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9th Landwehr Division (German Empire)
Country German Empire
Branch Army
Service history
Active 1914-1919
Size Approx. 15,000
Battles World War I: Second Battle of Champagne, Battle of Verdun, Second Battle of the Marne, Meuse-Argonne Offensive
Commanders
Insignia

The 9th Landwehr Division (9. Landwehr-Division) was a unit of the Imperial German Army in World War I. The division was formed in January 1915 as the Mühlenfels Division (Division Mühlenfels), named after its commander, and became the 9th Landwehr Division on February 14, 1915.[1] The division was disbanded in 1919 during the demobilization of the German Army after World War I.

Combat chronicleEdit

The 9th Landwehr Division served on the Western Front, holding a sector in the Argonne Forest. From September to November 1915, it saw action in the Second Battle of Champagne. From July to September 1916, it was involved in the Battle of Verdun. It was peripherally involved in the Second Battle of the Marne in July 1918. Late in 1918, it faced the Allied Meuse-Argonne Offensive. Allied intelligence rated the division as fourth class; it was considered primarily a sector holding division and not an offensive formation but "on the defensive it showed some fighting ability.[1][2]

Order of battle on formationEdit

The 9th Landwehr Division was formed as a square division from previously independent Landwehr brigades. The order of battle of the division on February 15, 1915 was as follows:[3]

  • 49. Landwehr-Infanterie-Brigade
    • Landwehr-Infanterie-Regiment Nr. 56
    • Großherzoglich Hessisches Landwehr-Infanterie-Regiment Nr. 118
    • Maschinengewehr-Zug Nr. 77
    • Maschinengewehr-Zug Nr. 97
  • 43. Landwehr-Infanterie-Brigade (from March 4, 1915, 76.Landwehr-Infanterie-Brigade)
    • Reserve-Infanterie-Regiment Nr. 79
    • Landwehr-Infanterie-Regiment Nr. 83
    • Maschinengewehr-Zug Nr. 62
    • Maschinengewehr-Zug Nr. 81
  • Landwehr-Kavallerie-Regiment Nr. 9
  • 4. Lothringisches Feldartillerie-Regiment Nr. 70 (until June 3, 1916)
  • II. Abteilung/Feldartillerie-Regiment von Puecker (1. Schlesisches) Nr. 6 (until June 3, 1916)
  • 8. Batterie/Fußartillerie-Regiment von Dieskau (Niederschlesisches) Nr. 6 (until June 3, 1916)
  • Landwehr-Feldartillerie-Regiment Nr. 9 (from June 3, 1916)
  • 1. Kompanie/Schlesisches Pionier-Bataillon Nr. 6

Late-war order of battleEdit

The division underwent a number of organizational changes over the course of the war. It was triangularized in February 1917. Cavalry was reduced, artillery and signals commands were formed, and combat engineer support was expanded to a full battalion. The order of battle on August 10, 1918 was as follows:[4]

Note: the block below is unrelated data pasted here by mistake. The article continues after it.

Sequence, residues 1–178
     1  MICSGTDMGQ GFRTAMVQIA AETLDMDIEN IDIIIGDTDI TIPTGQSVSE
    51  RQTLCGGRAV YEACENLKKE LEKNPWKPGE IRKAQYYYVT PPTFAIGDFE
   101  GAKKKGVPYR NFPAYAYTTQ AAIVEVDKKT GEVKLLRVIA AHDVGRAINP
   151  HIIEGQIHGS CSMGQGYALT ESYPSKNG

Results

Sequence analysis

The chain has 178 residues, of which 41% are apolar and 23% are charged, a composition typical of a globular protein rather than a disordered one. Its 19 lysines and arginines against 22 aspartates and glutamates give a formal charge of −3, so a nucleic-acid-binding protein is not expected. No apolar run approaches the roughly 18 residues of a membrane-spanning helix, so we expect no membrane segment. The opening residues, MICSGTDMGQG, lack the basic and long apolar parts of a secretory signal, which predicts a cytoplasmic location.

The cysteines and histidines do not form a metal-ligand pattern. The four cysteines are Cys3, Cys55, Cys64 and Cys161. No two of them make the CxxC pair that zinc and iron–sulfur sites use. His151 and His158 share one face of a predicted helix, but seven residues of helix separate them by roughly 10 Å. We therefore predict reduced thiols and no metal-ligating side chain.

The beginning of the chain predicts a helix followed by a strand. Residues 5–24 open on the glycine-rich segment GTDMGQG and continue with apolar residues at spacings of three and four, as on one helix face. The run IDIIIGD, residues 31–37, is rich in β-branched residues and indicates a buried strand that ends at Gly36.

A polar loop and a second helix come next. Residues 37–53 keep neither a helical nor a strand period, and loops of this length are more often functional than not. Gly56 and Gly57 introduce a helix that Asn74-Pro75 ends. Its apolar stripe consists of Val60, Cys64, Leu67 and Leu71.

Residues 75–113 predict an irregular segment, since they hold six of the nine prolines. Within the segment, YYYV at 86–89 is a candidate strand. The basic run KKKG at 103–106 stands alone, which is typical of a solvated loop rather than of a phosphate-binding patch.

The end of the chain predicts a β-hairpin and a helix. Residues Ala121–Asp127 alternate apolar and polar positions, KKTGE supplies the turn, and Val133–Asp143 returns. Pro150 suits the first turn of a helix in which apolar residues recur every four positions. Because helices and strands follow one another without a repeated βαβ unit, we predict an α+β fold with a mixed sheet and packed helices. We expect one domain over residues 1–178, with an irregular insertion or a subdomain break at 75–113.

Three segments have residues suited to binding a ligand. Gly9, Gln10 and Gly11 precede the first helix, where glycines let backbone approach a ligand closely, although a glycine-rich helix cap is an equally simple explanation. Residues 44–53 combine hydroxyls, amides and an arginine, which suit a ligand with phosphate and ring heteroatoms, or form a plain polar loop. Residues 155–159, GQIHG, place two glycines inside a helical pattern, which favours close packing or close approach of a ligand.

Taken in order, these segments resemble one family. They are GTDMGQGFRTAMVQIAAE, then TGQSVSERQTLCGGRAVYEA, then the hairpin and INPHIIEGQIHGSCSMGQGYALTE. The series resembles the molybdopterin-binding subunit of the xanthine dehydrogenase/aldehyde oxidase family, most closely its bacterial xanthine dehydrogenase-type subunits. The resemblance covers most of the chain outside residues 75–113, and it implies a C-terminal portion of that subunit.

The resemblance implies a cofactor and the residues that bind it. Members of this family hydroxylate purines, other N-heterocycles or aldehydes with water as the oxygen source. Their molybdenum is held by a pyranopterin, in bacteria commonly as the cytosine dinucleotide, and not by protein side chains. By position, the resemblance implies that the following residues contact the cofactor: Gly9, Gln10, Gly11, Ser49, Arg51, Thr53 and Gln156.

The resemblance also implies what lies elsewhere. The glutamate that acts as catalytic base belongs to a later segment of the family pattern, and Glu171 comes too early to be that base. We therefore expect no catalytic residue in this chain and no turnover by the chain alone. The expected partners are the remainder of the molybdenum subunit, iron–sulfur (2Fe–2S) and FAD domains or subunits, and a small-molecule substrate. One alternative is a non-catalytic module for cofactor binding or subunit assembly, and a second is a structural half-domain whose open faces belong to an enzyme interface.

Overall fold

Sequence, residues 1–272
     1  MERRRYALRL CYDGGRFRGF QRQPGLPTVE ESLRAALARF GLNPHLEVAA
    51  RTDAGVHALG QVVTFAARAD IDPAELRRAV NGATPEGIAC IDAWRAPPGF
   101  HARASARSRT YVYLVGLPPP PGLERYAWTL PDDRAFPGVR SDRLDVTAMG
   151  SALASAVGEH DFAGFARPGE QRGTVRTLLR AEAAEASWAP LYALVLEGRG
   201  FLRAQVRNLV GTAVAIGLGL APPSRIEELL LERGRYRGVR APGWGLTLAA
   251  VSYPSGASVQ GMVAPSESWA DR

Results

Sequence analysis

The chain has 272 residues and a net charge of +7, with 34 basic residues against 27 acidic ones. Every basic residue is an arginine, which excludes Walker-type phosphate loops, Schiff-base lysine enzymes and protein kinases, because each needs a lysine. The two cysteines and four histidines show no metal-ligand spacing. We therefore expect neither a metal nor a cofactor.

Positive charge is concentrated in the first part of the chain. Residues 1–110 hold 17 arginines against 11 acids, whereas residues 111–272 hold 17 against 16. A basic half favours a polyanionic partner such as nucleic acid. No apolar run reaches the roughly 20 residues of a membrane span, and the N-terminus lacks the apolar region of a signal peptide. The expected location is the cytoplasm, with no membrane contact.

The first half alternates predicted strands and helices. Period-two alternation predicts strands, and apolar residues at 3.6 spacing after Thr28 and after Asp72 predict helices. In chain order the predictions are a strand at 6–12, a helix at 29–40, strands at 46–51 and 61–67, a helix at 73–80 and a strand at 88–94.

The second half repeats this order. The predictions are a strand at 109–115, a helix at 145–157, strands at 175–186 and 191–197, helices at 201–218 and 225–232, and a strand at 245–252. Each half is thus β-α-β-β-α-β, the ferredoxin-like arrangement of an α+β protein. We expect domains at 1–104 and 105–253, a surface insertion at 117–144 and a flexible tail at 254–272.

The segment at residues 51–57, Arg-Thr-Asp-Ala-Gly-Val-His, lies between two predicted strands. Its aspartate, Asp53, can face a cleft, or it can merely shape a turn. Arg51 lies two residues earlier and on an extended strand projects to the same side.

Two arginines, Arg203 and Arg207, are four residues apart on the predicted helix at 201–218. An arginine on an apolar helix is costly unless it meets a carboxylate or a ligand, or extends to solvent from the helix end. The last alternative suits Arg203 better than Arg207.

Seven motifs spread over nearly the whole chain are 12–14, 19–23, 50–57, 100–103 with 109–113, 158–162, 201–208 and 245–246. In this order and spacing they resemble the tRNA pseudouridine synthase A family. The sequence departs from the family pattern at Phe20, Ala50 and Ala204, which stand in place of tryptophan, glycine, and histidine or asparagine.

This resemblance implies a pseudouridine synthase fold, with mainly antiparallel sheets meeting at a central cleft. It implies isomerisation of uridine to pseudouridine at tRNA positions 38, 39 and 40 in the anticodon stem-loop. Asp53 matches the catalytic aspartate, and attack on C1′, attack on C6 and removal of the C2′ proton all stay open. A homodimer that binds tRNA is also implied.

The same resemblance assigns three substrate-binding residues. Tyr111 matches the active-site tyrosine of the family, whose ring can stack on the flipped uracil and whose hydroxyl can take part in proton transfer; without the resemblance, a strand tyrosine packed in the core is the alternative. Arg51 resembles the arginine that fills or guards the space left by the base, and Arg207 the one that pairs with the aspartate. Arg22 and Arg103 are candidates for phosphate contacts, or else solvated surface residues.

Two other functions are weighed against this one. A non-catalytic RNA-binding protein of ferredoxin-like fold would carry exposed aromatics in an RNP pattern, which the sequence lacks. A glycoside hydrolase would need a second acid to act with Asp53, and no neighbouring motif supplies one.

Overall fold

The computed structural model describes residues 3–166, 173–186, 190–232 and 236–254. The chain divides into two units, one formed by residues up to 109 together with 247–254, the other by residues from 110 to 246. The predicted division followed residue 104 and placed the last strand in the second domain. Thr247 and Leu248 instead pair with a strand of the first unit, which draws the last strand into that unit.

• 76. Landwehr-Infanterie-Brigade
    • Landwehr-Infanterie-Regiment Nr. 83
    • Großherzoglich Hessisches Landwehr-Infanterie-Regiment Nr. 116
    • Großherzoglich Hessisches Landwehr-Infanterie-Regiment Nr. 118
  • 1. Eskadron/Dragoner-Regiment von Bredow (1. Schlesisches) Nr. 4
  • Artillerie-Kommandeur 150
    • Landwehr-Feldartillerie-Regiment Nr. 9
  • Stab Pionier-Bataillon Nr. 409
    • 1. Landwehr-Pionier-Kompanie/XVIII. Armeekorps
    • 2. Landwehr-Pionier-Kompanie/X. Armeekorps
    • Minenwerfer-Kompanie Nr. 309
  • Divisions-Nachrichten-Kommandeur 509

ReferencesEdit

  • 09.Landwehr-Division (Chronik 1915/1918) - Der erste Weltkrieg
  • Hermann Cron et al., Ruhmeshalle unserer alten Armee (Berlin, 1935)
  • Hermann Cron, Geschichte des deutschen Heeres im Weltkriege 1914-1918 (Berlin, 1937)
  • Günter Wegner, Stellenbesetzung der deutschen Heere 1825-1939. (Biblio Verlag, Osnabrück, 1993), Bd. 1
  • Histories of Two Hundred and Fifty-One Divisions of the German Army which Participated in the War (1914-1918), compiled from records of Intelligence section of the General Staff, American Expeditionary Forces, at General Headquarters, Chaumont, France 1919 (1920)

NotesEdit

  1. 1.0 1.1 09.Landwehr-Division (Chronik 1915/1918)
  2. Histories of Two Hundred and Fifty-One Divisions of the German Army which Participated in the War (1914-1918), compiled from records of Intelligence section of the General Staff, American Expeditionary Forces, at General Headquarters, Chaumont, France 1919 (1920), pp. 174-175.
  3. Hermann Cron et al., Ruhmeshalle unserer alten Armee (Berlin, 1935).
  4. Cron et al., Ruhmeshalle.


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